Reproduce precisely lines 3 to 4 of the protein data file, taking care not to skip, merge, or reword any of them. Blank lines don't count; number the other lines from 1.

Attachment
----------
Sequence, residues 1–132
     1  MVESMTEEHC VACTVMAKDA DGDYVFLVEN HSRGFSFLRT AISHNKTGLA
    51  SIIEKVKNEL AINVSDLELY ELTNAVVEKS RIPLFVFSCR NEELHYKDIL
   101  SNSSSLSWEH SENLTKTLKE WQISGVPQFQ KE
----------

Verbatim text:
    51  SIIEKVKNEL AINVSDLELY ELTNAVVEKS RIPLFVFSCR NEELHYKDIL
   101  SNSSSLSWEH SENLTKTLKE WQISGVPQFQ KE